What You Didn’t Know About Diabetes and Periodontal Disease

Wednesday, April 17, 2019
What You Didn’t Know About Diabetes and Periodontal Disease

Learn Why Diabetes and Gum Health Are Inseparable.

The association between diabetes and periodontal disease has been well known to dental professionals for many years. You may have known that diabetes makes you more susceptible to periodontitis, but did you realize that periodontitis may also raise your chances of developing diabetes?

What is gum disease?

Gum disease is an infection of the gums around the teeth. This umbrella term encapsulates all stages of the disease, from gingivitis to periodontitis.

Gingivitis is an inflammation of the gums that causes redness and tenderness. If left untreated, some cases of gingivitis progress to periodontitis. Periodontitis is characterized by gum recession, deep pockets forming in the gum tissue, and jaw bone loss. The dominance of periodontal bacteria in the mouth stimulates the immune system to fight against this foreign invader. This response leads to the recession of the gums and bones, which, in turn, often leads to the loss of teeth.

Gum disease raises your blood sugar levels

Approximately one-half of adults 30 years or older have periodontitis, making it a shockingly common health problem in the United States. Research has shown that periodontitis can raise blood sugar levels, which can foster the onset of diabetes. In a meeting by experts in gum and diabetes research worldwide, researchers discovered a relation between diabetes and gum health: patients with gum disease have higher long term blood sugar levels. They also found that this condition correlates with their higher risk for developing type 2 diabetes.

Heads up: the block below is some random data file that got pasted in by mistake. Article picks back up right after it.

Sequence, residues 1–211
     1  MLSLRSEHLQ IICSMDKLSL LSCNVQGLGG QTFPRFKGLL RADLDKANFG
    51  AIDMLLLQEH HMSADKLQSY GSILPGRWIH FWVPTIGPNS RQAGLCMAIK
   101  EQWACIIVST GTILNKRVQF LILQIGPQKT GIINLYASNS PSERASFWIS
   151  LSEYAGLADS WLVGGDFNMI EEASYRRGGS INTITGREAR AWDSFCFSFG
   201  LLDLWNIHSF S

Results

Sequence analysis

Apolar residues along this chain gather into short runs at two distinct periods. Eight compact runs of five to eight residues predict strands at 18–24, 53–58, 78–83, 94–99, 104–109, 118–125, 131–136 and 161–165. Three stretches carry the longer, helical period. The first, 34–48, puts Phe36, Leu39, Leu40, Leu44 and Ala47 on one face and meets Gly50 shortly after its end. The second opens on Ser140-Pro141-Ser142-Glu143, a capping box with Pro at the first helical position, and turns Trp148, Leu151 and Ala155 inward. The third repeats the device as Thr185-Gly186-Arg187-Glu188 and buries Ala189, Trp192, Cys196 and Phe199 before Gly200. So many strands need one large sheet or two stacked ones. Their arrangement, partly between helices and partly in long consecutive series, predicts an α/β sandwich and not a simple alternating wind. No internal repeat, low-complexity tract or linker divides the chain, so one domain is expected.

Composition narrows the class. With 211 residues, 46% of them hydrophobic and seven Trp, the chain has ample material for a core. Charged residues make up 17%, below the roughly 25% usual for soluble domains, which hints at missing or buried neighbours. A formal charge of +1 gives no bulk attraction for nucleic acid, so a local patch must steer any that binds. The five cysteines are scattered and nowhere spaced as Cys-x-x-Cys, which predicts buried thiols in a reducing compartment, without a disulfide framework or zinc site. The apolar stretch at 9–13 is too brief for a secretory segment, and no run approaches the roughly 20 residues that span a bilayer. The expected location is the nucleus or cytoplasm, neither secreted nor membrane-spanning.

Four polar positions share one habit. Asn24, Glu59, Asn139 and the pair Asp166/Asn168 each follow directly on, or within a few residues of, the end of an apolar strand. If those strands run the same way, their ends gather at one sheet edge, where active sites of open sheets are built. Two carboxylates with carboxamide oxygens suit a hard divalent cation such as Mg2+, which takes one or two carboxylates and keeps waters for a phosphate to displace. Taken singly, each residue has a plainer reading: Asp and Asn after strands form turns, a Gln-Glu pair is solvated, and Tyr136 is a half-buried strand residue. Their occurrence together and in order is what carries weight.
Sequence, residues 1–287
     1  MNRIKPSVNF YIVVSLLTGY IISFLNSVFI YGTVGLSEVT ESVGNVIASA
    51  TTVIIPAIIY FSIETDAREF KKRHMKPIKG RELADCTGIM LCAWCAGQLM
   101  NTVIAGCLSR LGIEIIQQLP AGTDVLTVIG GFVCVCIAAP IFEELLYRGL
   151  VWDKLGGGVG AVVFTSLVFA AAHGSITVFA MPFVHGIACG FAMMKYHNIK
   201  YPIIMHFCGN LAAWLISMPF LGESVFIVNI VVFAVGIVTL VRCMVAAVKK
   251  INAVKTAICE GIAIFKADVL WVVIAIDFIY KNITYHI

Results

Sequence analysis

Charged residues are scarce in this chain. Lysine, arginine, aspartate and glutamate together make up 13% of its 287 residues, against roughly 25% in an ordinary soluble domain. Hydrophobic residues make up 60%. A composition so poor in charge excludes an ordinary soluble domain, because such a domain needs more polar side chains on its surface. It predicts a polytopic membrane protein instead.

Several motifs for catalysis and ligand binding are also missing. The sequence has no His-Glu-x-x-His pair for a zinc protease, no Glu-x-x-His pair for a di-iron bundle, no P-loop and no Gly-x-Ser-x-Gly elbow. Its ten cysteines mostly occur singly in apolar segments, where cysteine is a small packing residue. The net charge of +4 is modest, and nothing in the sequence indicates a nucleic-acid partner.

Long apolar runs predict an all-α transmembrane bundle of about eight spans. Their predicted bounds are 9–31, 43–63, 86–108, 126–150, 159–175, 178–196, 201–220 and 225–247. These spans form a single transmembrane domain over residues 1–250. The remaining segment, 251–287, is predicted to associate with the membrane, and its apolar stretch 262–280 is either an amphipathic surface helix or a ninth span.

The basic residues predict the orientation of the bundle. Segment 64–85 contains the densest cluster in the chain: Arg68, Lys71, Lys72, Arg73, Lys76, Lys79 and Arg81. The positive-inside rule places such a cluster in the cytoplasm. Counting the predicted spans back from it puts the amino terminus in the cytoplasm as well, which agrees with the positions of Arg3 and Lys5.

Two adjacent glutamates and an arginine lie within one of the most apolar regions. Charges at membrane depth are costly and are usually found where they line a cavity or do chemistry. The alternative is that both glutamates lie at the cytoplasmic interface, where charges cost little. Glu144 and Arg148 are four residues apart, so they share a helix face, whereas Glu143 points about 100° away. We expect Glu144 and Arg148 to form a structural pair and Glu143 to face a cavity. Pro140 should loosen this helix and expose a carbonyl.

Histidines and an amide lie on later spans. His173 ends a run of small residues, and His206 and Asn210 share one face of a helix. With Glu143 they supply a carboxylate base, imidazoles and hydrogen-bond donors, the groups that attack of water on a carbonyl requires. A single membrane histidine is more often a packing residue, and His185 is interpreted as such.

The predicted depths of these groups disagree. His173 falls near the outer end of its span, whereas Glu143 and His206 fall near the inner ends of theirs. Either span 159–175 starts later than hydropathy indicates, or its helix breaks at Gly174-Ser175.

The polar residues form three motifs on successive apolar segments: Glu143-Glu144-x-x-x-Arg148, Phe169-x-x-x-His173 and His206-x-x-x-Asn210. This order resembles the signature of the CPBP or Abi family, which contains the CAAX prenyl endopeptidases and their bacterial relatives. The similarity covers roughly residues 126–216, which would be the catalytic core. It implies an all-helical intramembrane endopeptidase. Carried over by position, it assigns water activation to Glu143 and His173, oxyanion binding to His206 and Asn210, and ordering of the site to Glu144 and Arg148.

Scientists believe the bacteria infecting the gums may leak into the bloodstream during daily activities, such as eating or brushing your teeth. This process causes the immune system to react, which can have a harmful effect on major body systems. Periodontal germs have been found all over the body, including the lungs, heart, brain—even in the placenta of pregnant women! The body’s immune system reacts as it fights off bacteria invaders, which over time can lead to chronic inflammation of the gums and body systems.Certain biological processes explain the strong connection between diabetes and periodontal disease

Because periodontitis increases blood sugar levels, the body must learn to function with higher glucose. This alters the body’s natural metabolism, making it more difficult for the patient to maintain normal blood sugar. The good news is that there are things you can do, often on a daily basis, to combat this cycle:

  • Brush your teeth twice daily with a gentle, soft-bristled brush.
  • Floss or use an interdental cleaner to remove plaque between the teeth.
  • Visit the dentist regularly for cleanings. If you have diabetes and gum bleeding, schedule appointments every six months instead of annually.
  • Ask your dentist to check your gums each time, measuring the space between the teeth and gums. Close monitoring will help to prevent the gum disease from progressing further.
  • If you have type 2 diabetes, taking care of your gums is an important part of controlling the disease. It can also lower your risk of developing blindness or kidney disease in the future.

Treat diabetes and periodontal disease at PDFP

Every case of gum disease needs to be treated accordingly. The major takeaway here is that if you’re experiencing gum disease symptoms, remember that this can and will affect more than just your oral health. The relationship between diabetes and periodontal disease is well-established.

At Penn Dental Family Practice, our dentists are highly skilled dental professionals who use preventive strategies for comprehensive care. Whether you or a loved one have diabetes, or you have a history of gum disease, regular visits to the dentist should be an essential part of your overall care. To make your appointment with us to learn more about the connection between diabetes and periodontal disease,